Ascension and Pentecost, the Pattern of Christian Living

By: Rev. Paul Scalia

Man is the strangest creature – more than an animal, but not quite an angel…created in this world, but made for the next. He seems constantly tugged between these two dimensions of his being, the earthly and heavenly. This tension finds a certain fulfillment (perhaps an exacerbation) in our Lord’s Ascension into heaven and sending of the Holy Spirit. By these two events, which are in effect one, our Lord both ascends and descends. He ascends in His sacred humanity and descends in the power and Person of the Holy Spirit. He ascends to reign with His Father and He descends by the Spirit to “renew the face of the earth” (Ps 104:30). In His earthly body He is glorified in heaven…and in His mystical Body He continues His presence on earth.

Christ’s own ascending and descending establishes a pattern for all Christian living. Like Him, we are to be simultaneously there and here.  Thus Scripture exhorts us to set our minds “on things that are above, not on things that are on earth” (Col 3:2), not be “conformed to this world” (Rom 12:2), and remember that “our citizenship is in heaven” (Phil 3:20). At the same time, we are to serve others concretely in this world (cf. Mt 25), loving our neighbors as ourselves. The worldly mind sees only a contradiction here – that we cannot possibly do both at once. Our Lord alone makes it possible. He at once reigns in heaven and serves on earth, and He sanctifies us to do the same.

Murillo - Jacob's LadderJacob’s vision prefigures this reality: “[H]e dreamed that there was a ladder set up on the earth, and the top of it reached to heaven; and behold, the angels of God were ascending and descending on it!” (Gen 28:12). That constant motion he witnessed is what the Christian strives for in this world. To dwell in heaven and be at the same time fully present on earth. Jesus Himself gives Jacob’s vision the definitive interpretation, applying it to Himself: “Truly, truly, I say to you, you will see heaven opened, and the angels of God ascending and descending upon the Son of Man” (Jn 1:51). To be devoted to Jesus Christ necessarily means such ascent and descent.

So, how do we ascend? We ascend by prayer most of all, directing the thoughts of our minds and the desires of our hearts to God Himself. This means rising from the petty, passing things of this world. And yet we cannot ascend on our own, as Jesus did. We need to be lifted up, to be made to ascend.  The Psalmist praises God saying, “He drew me up from the desolate pit, out of the miry bog” (Ps 40:2).  We should ask for a similar grace – that He draw us from the desolation of the world’s thinking and the miry bog of its gossip and banality. Let us ascend: “Whatever is true, whatever is honorable, whatever is just, whatever is pure, whatever is lovely, whatever is gracious, if there is any excellence, if there is anything worthy of praise, think about these things” (Phil 4:8).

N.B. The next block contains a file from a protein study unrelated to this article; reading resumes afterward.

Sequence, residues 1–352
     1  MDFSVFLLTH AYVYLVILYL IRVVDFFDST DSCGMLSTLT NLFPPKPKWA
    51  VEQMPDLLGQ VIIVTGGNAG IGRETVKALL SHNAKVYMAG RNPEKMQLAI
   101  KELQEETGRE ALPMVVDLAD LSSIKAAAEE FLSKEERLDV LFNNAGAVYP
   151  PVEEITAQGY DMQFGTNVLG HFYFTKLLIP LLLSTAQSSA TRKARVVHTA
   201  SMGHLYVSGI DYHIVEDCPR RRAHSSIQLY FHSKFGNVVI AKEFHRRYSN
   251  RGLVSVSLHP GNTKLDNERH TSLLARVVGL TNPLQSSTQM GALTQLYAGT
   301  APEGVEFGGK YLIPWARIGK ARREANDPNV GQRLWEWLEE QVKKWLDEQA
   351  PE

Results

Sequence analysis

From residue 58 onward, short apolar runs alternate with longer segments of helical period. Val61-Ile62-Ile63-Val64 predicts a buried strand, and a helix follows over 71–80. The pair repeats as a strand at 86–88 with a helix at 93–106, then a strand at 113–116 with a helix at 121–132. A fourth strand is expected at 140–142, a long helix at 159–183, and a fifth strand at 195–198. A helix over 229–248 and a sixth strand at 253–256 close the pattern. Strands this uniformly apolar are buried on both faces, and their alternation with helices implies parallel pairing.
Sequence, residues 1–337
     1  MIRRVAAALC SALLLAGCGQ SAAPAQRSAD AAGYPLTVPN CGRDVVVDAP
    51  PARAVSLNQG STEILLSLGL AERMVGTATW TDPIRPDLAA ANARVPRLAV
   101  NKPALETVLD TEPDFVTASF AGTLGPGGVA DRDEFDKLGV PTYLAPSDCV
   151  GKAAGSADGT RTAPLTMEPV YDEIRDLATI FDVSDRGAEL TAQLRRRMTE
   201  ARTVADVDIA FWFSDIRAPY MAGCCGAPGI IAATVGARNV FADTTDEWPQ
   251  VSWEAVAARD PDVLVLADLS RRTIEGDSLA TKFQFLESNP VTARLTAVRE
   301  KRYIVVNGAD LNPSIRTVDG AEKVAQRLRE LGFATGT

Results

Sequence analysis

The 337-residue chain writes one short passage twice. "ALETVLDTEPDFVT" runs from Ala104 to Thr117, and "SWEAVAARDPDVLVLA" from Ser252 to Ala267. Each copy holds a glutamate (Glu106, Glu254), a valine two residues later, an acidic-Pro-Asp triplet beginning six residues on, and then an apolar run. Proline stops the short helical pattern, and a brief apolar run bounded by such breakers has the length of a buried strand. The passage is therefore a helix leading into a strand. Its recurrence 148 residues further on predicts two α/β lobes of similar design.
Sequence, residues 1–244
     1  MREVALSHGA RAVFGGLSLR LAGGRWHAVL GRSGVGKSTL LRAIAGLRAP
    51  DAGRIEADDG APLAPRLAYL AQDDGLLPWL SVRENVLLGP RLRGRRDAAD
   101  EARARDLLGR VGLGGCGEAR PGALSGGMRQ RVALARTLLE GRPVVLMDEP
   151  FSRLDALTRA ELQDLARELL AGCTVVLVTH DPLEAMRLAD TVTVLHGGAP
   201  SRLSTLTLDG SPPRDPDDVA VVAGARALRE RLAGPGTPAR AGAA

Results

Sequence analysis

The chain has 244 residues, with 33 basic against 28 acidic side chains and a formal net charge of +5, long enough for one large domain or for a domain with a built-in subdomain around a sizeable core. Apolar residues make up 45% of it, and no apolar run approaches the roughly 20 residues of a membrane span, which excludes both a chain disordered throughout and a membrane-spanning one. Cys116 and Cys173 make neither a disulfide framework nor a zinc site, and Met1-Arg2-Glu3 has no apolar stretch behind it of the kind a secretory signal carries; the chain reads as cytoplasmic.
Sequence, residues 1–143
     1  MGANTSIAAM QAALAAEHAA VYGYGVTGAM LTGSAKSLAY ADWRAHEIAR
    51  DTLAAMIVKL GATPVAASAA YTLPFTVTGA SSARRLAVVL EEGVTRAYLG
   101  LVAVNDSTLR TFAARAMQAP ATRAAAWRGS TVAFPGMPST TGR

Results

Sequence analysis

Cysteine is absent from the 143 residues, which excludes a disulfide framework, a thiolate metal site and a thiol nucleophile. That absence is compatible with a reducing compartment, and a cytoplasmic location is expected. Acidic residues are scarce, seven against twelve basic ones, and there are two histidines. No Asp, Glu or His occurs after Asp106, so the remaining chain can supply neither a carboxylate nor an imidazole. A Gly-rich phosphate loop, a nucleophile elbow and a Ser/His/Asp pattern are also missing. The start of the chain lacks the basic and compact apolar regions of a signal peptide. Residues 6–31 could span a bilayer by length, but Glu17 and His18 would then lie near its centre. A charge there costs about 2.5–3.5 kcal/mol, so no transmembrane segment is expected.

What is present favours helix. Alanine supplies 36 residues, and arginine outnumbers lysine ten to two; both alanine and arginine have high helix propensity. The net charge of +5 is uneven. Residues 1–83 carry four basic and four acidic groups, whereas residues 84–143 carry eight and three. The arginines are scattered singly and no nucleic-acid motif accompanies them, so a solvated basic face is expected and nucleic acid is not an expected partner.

And how do we descend? By our works of mercy, both spiritual and corporal. Jesus sent His Spirit to animate the Church, making that community of believers His very Body. Through that Body – through our good works – He Himself continues to descend to the poor and despairing, to the ill and forgotten, to the ignorant and doubtful…to all who suffer the wounds of sin. We want, however, not to do one now and then the other.

We want to do both – to both ascend and descend – at once, as one motion. Today begins the Great Novena to the Holy Spirit. Our Lord has ascended, and with Him we are already seated at the right hand of the Father. We now pray fervently for the descent of the Spirit that quickens the Body of Christ, making Him present in the world still. Thus, may we learn to ascend by our thoughts and affections and descend in concrete service.

One thought on “Ascension and Pentecost, the Pattern of Christian Living

  1. I had the opportunity to take a chronically mentally ill gentleman out on an outing tonight. I drove him to a fast-food restaurant so that he could buy himself some food.

    I will disclose no additional details for the sake of privacy and HIPA compliance, something that I rigorously adhere to even though I am not employed in the psychological services industry. I am just a catholic with perhaps a little less than ordinary moral temperament.

    Running errands for the mentally ill folks I help out and/or providing an empathic ear in long distance calls to another mentally ill person is a real joy and something I largely do for these individuals, although, I also consider these folks to be my friends.

    I have heard many radio and TV show conservatives balk at such mentally ill folks who receive dis-ability income from Social Security, and/or food stamps. I’ve heard phrases and buzz-word insults morally wrongly thrown about like bum, low-life, bottom feeder, psycho, and the like harsh phrases as used to describe these mentally ill folks.

    The gentleman I ran the errand with this evening is a quiet man, with a very flat affect, who is always more than thankful for my assistance. Whereas white collar professionals especially those of faith have at times insulted me for my coarse mannerisms and obesity, the gentlemen I help have never, ever, uttered an unkind word to me in my presence.

    These gentleman are the most non-judgmental persons I’ve ever dealt with and the most humble.

    Now who do you think are the least little ones who will be among the greatest? These mentally ill or the hateful white color professionals of professed faith who insult them and who would not likely lift a finger to help them.

    Truly, the Ascension glory of Christ is open to all, especially these least little ones afflicted with chronic and severe mental disorders.

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